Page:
• companies: work supervisors/bosses and workers
  • product development companies: business (decides) and designers (deliver promises)

One characteristic of these organizations is that the powerful class is causing pain to the targets. It may be forcing to work, physical pain, restricting fulfilment of different needs. This is painful for both parties, and people need mechanisms to relieve the pain.

One facet of the cultural solution may be a sadomasochistic interpreatation of pain and dominance as pleasant.

  • heavy use of humor, even harsh
    • pigs and chicken in Scrum?
  • seeing “us” better than “them”. Assuming the other class does not know or understand, is stupid or stubborn.
    • For example prisoners regard guards inferior to them.
  • communicating across the class boundary in a way that prevents emotional connection.
    • using alienating language

What is relevant in organizational setting is that this kind of situation constrains heavily the Organizational Conversation (Term as used in Complexity Theory in Organizations). It also reinforces the status quo, class boundaries and limited dialogue. This causes:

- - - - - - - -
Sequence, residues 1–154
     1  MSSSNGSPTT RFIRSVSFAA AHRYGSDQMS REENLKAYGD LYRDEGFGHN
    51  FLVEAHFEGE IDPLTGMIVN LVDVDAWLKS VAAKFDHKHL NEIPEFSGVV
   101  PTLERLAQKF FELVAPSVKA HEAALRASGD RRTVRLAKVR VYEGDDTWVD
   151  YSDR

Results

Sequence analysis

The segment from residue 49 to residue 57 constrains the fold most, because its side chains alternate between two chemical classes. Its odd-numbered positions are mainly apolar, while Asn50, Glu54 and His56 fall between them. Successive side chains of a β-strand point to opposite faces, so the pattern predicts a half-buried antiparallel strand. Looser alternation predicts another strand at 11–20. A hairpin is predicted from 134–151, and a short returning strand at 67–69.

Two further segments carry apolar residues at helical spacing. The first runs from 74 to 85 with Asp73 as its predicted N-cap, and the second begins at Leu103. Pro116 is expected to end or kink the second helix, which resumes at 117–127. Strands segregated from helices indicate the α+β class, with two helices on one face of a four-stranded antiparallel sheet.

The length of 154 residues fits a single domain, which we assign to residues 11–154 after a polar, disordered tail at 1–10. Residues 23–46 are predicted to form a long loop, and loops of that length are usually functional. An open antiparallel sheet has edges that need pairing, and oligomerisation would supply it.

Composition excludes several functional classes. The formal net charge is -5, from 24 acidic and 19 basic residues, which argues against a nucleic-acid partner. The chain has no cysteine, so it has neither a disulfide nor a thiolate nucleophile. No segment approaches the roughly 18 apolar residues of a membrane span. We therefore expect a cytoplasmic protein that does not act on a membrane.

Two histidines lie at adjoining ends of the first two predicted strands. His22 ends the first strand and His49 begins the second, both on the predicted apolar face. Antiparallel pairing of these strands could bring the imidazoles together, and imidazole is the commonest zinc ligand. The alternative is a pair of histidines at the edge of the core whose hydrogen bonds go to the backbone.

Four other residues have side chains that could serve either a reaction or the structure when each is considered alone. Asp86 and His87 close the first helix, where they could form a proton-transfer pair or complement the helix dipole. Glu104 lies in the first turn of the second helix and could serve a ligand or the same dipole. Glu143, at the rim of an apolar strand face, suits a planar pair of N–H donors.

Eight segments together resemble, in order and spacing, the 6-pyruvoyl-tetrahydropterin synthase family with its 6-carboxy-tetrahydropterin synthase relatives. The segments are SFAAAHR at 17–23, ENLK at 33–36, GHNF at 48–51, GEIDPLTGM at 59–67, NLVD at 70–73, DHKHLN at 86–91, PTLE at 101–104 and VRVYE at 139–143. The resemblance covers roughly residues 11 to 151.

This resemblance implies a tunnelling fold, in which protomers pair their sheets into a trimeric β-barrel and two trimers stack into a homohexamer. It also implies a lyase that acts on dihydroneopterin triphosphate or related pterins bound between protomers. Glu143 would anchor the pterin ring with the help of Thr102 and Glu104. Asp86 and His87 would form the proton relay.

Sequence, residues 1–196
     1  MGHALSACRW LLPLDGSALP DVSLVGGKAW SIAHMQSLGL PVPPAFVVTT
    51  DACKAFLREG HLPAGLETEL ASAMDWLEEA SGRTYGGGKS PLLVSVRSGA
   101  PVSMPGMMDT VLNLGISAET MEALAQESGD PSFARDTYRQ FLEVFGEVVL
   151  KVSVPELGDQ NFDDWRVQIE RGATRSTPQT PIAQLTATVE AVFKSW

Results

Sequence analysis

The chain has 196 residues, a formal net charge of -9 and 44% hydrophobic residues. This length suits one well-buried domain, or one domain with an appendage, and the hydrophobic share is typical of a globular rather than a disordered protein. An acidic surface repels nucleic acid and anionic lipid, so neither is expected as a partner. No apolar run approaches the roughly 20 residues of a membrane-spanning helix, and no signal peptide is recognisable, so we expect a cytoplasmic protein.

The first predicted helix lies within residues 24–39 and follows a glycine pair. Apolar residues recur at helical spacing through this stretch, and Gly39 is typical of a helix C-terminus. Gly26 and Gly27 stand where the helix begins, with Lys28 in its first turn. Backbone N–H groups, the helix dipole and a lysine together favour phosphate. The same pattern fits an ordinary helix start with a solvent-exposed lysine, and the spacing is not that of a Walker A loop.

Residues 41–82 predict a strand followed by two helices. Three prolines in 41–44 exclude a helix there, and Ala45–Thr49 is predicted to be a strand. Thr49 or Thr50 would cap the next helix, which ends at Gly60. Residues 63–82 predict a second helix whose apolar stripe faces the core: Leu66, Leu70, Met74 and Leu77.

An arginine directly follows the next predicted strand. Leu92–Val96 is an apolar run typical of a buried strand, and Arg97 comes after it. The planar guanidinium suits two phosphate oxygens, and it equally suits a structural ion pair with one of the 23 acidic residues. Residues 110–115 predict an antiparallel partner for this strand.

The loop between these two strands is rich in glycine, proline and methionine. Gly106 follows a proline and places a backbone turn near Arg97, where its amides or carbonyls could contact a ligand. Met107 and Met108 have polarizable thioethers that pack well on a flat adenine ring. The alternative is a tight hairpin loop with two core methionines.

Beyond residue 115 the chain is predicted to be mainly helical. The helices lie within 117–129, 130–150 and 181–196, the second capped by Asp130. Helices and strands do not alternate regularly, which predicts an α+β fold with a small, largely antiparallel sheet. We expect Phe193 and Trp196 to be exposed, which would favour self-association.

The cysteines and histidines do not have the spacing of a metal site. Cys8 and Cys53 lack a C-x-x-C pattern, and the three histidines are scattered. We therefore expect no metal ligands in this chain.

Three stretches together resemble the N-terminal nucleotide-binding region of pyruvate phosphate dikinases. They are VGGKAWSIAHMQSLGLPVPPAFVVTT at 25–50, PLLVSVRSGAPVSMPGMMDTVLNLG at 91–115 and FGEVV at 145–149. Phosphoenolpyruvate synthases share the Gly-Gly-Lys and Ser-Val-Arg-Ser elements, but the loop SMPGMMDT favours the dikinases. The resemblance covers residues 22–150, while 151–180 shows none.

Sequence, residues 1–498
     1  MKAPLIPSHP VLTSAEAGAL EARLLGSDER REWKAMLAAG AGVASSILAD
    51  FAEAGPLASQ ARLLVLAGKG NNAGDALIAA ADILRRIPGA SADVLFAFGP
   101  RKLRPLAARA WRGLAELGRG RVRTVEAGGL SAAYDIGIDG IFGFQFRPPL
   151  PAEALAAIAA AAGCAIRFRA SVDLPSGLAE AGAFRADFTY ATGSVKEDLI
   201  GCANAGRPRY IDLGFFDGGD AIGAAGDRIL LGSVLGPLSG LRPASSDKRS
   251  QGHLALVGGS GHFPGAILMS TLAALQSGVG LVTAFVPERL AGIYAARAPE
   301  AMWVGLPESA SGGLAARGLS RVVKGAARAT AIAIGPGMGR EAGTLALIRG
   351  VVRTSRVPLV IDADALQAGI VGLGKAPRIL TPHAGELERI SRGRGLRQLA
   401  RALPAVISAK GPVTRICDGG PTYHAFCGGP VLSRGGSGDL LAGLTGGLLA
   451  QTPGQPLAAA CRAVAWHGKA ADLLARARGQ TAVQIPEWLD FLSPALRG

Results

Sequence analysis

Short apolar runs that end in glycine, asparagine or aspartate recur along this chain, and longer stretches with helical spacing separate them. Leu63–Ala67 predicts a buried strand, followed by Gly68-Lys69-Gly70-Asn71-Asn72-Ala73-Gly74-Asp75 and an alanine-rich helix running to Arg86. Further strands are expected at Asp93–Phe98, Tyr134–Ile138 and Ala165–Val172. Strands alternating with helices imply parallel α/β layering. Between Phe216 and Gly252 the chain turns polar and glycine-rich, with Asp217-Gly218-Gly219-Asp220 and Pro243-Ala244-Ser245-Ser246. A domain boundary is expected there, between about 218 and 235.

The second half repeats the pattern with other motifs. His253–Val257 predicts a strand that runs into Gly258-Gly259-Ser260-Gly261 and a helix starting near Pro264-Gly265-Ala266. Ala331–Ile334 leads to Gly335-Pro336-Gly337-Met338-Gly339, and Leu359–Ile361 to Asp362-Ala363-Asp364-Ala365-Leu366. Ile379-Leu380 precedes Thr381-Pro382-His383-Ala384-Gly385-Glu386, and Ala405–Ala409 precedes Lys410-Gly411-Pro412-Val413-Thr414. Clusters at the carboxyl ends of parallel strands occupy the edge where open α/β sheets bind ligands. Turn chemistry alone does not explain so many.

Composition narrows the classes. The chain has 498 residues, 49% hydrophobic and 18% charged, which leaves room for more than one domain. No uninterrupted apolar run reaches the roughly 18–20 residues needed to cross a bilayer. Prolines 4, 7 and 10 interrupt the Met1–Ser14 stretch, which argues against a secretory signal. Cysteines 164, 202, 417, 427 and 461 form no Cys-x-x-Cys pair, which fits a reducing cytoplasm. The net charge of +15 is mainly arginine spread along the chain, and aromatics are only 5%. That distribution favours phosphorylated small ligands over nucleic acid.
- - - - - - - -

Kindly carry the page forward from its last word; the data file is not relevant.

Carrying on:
• loss of talent, creativity and learning
  • loss of relevant feedback
  • not recognizing weak signals
  • loss of work satisfaction and commitment to work

Some cure, if you wish to move to more self-organizing, self-motivating direction. Please remember, that changing habits and culture is very hard!

  • open discussion and recognition of the specific situation
  • in bad cases competent facilitation needed
    • conflict resolution, debriefing and reconciliation
  • changing power settings
  • start to improve the concrete pain points 

Measuring and rewarding individuals

At the SOL conference some time ago I attended the workshop by the brain researcher Kiti Muller and happened to mention how harmful measuring and rewarding individuals is.

It rose huge interest, so here you have the reference – Robert D Austin: “Measuring and Managing Performance in Organizations, Dorset House, 1996.